Steven K. Dentel, Ph.D., P.E., DEE
Professor, Dept. Civil & Environmental Engineering
University of Delaware, Newark DE 19716 USA
Tel: 302-831-8120 Fax: 302-831-3640
ce.udel.edu/~dentel/
_________________________________________________
Last Edit: 24 Feb 2014 14:38 by muench.
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Re: Update: Breathable membrane enclosures for fecal sludge stabilization (University of Delaware, USA) 25 Nov 2013 06:57 #6527

Dear Sir,

WaterAid India may be interested to collaborate with you for piloting this technology in India. You can contact to Mr. Puneet Srivastava, Manager Technical at This e-mail address is being protected from spambots. You need JavaScript enabled to view it for details on the same.

Breathable membrange grant by Steve Dentel - Phase 2 extention 20 Jan 2014 10:51 #7056

  • arno
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Dear Steven,

This is a very interesting project, thanks for the update. Is it possible for you to attach the final report from Phase 1 and also the project brief for Phase 2? It would be very interesting to see all the reports in this link (so far, only your presentation from Oct. 2012 is available in the SuSanA library here: susana.org/lang-en/library/library?view=...p;type=2&id=1810).

You said that in Phase 2 you had identified a membrane that's about 50% more efficient in allowing clean water through while excluding everything else in the sludge. Could you please tell us more about this membrane, e.g. what makes it more efficient than the previous version? Who else is using this kind of membrane and for which applications?

Can you please post some photos of the membrane (in the lab and also in the field if you have started field tests already)?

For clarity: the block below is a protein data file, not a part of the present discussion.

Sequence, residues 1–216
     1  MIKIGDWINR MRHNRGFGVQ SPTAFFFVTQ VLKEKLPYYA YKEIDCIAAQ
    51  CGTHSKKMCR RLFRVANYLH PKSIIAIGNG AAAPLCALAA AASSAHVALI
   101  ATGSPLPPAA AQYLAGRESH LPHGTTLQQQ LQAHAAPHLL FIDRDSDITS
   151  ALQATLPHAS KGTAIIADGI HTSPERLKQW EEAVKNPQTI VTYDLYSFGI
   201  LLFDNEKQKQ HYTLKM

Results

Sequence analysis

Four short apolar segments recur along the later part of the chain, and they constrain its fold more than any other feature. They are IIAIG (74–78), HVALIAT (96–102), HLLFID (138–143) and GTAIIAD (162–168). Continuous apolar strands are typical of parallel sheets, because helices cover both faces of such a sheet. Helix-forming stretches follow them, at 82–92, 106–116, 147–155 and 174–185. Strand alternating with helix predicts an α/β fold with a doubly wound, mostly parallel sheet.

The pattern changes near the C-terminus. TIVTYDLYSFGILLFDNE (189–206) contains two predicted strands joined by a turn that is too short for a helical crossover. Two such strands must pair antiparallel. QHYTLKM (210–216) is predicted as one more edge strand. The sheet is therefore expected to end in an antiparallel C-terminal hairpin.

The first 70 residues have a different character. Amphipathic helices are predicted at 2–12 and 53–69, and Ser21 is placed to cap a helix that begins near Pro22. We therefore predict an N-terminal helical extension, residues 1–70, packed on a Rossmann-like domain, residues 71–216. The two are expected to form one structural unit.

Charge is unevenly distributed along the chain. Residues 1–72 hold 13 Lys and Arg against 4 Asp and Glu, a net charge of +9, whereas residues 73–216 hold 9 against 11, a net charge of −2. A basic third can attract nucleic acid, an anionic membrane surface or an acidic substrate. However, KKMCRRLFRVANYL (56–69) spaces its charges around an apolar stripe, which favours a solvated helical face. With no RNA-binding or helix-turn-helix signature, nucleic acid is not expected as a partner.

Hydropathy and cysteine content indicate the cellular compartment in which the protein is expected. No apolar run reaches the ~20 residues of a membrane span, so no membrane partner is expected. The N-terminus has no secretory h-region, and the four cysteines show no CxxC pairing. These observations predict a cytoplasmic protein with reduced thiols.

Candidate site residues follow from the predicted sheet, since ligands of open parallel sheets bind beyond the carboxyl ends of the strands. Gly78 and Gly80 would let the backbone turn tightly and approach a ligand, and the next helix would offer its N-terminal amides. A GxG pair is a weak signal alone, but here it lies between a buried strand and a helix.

And I always “stumble” across the term “breathable membrane”. Is it not really clear to me what it means although I gather it has something to do with the fact that water vapour goes through the membrane. But how would you explain to a layperson why it is called “breathable”? Breathing sounds to me like something is alive…

Has it got any similarities with the membranes used in the Nano-membrane toilet of Alison Parker (Cranfield Uni) or is this something completely different? I am just asking because the membranes used in the Cranfield project also lets only water vapour through:
Alison said (see post from 10 December 2013: forum.susana.org/forum/categories/105-pr...12&start=24#6662):
We are not expecting problems with fouling because the membrane is hydrophobic and doesn’t get wetted. Only the water vapour passes through. But we haven’t done long-term tests yet. However, this is not a novel membrane, it exists as an off the shelf membrane.


And have you found any places yet where you can test it in the real field? I am a bit confused: you were looking for a place where a pit latrine is raised above ground?? You find them in Kampala and Lusaka but usually not in very good shape… Here is a photo of a raised pit latrine in Lusaka:



Raised pit latrine in karst area in Lusaka by Sustainable sanitation, on Flickr

And here is a raised pit latrine from Kampala:


Typical Pit latrine in Kampala slums by Sustainable sanitation, on Flickr

Are these the types of toilets you are looking for to test your membranes? Raising a pit latrine is a desperate measure and usually shows that a pit latrine was not the right technology in the first place… But maybe just for the sake of testing the membranes it could make sense to apply your membrane to the raised "pit"?


Regards,
Arno and team
Arno Rosemarin PhD
Stockholm Environment Institute
Linnegatan 87D, Box 24218
10451 Stockholm, Sweden
arno.rosemarin@sei-international.org
Last Edit: 20 Jan 2014 11:00 by muench.

Re: Breathable membrange grant by Steve Dentel - Phase 2 extention 05 Feb 2014 05:56 #7245

  • skdentel
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Arno,
- Thanks for all the questions and comments. I'll start with some responses here, and will probably have more later. I'll attach our Phase I report to this posting.